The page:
Researches in the Phenomena of Spiritualism

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J. Burns, 1874 - Parapsychology - 112 pages

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Page 8 - That certain physical phenomena, such as the movement of material substances and the production of sounds resembling electric discharges, occur under circumstances in which they cannot be explained by any physical law at present known, is a fact of which I am as certain as I am of the most elementary fact in chemistry.
Page 8 - Nothing is too wonderful to be true, if it be consistent with the laws of Nature ; and in such things as these experiment is the best test of consistency.
Page 114 - Biit photography is as inadequate to depict the perfect beauty of Katie's face, as words are powerless to describe her charms of manner. Photography may, indeed, give a map of her countenance ; but how can it reproduce the brilliant purity of her complexion, or the ever-varying expression of her most mobile features...
Page 66 - ... living objects, being carried through closed windows and even solid brick walls. The scientific investigator naturally asks that an additional weight (if it be only the thousandth part of a grain) be deposited on one pan of his balance, when the case is locked. And the chemist asks for the thousandth of a grain of arsenic to be carried through the sides of a glass tube in which pure water is hermetically sealed.
Page 111 - ... senseless; she did not move when I took her hand and held the light quite close to her face, but continued quietly breathing. Raising the lamp, I looked around and saw Katie standing close behind Miss Cook. She was robed in flowing white drapery as we had seen her previously during the seance. Holding one of Miss Cook's hands in mine, and still kneeling, I passed the lamp up and down so as to illuminate Katie's whole figure, and satisfy myself thoroughly that I was really looking at the veritable...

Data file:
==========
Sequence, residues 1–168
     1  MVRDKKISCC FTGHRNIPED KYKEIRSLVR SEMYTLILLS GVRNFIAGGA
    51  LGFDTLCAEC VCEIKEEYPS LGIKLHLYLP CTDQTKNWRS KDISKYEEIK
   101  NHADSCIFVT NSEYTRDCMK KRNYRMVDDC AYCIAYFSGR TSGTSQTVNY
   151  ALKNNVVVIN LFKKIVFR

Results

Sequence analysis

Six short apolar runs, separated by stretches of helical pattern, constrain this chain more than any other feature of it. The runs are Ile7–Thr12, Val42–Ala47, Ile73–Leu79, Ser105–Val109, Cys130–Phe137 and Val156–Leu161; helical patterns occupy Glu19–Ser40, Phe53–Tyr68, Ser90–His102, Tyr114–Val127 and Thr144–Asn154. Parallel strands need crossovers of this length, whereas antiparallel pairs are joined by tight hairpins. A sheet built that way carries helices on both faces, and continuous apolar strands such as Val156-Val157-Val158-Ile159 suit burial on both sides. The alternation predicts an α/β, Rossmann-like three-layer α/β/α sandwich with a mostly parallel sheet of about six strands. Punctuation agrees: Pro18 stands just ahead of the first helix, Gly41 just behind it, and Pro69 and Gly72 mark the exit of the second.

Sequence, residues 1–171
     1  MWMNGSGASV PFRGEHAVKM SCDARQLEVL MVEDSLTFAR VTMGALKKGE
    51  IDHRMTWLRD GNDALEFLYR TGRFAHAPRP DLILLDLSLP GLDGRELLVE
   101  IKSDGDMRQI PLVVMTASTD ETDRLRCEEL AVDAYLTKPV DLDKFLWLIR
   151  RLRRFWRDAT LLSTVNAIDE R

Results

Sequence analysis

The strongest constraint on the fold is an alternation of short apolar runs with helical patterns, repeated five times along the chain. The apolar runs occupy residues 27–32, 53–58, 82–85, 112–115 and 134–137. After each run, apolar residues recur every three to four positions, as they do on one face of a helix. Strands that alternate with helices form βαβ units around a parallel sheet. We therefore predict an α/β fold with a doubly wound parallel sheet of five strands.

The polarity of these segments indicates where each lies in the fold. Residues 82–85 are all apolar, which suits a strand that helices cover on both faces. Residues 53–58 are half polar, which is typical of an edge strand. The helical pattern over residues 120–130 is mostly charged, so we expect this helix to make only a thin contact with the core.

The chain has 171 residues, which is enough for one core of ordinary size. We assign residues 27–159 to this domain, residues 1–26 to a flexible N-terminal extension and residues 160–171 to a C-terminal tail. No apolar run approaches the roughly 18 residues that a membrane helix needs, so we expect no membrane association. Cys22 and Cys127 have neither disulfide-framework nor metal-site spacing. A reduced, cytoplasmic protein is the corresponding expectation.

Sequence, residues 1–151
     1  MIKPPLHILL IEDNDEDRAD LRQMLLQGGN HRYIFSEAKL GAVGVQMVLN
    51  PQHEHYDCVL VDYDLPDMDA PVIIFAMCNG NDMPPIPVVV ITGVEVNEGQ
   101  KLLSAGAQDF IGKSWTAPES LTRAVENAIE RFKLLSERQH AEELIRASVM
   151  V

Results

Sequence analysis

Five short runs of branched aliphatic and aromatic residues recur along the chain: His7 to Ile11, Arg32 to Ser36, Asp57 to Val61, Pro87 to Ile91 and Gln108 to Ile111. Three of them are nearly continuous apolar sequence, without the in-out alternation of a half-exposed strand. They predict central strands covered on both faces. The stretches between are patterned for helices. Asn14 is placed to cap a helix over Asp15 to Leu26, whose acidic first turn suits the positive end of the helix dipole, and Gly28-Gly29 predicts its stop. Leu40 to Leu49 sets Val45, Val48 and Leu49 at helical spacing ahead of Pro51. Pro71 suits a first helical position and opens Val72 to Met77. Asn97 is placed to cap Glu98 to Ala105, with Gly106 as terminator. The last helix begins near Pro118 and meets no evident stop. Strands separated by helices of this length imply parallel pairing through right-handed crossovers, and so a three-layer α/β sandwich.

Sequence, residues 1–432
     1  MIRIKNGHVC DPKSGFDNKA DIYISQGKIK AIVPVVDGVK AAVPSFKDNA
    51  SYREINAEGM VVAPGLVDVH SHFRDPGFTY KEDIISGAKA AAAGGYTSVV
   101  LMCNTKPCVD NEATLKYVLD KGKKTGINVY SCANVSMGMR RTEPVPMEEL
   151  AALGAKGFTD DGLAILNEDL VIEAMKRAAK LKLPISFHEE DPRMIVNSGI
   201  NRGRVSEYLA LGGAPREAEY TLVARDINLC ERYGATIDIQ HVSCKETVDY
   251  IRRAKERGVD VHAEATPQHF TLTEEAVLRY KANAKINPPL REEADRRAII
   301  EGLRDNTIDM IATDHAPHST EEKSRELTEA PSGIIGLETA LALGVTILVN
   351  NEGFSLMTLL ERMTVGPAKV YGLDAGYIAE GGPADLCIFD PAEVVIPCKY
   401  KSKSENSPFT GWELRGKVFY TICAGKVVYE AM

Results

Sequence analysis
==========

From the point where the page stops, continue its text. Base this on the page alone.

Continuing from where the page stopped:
Page 109 - Katie was then standing before me clothed in her usual white robes and turban head-dress. I immediately walked into the library up to Miss Cook, Katie stepping aside to allow me to pass. I found Miss Cook had slipped partially off the sofa, and her head was hanging in a very awkward position. I lifted her on to the sofa, and in so doing had satisfactory evidence, in spite of the darkness, that Miss Cook was not attired in the " Katie " costume, but had on her ordinary black velvet dress, and was...
Page 26 - These remarks, however, were written too hastily. It was taken for granted by the writers that the results of my experiments would be in accordance with their preconceptions. "What they really desired was not the truth, but an additional witness in favor of their own foregone conclusion. When they found that the facts which that investigation established could not be made to fit those opinions, why,—' so much the worse for the facts,' — they try to creep out of their own confident recommendations...
Page 116 - And to imagine that an innocent school-girl of fifteen should be able to conceive and then successfully carry out for three years so gigantic an imposture as this, and in that time should submit to any test which might be imposed upon her, should bear the strictest scrutiny, should be willing to be searched at any time, either before or after a seance, and should meet with even better success in my own house than at that of her parents, knowing that she visited me with the express object of submitting...
Page 86 - ... articles of scientific belief — amongst others, the ubiquity and invariable action of the force of gravitation — that, even now, on recalling the details of what I witnessed, there is an antagonism in my mind between reason, which...
Page 114 - Round her she made an atmosphere of life. The very air seem'd lighter from her eyes — They were so soft and beautiful, and rife With all we can imagine of the skies, And pure as Psyche ere she grew a wife — Too pure even for the purest human ties; Her overpowering presence made you feel It would not be idolatry to kneel.

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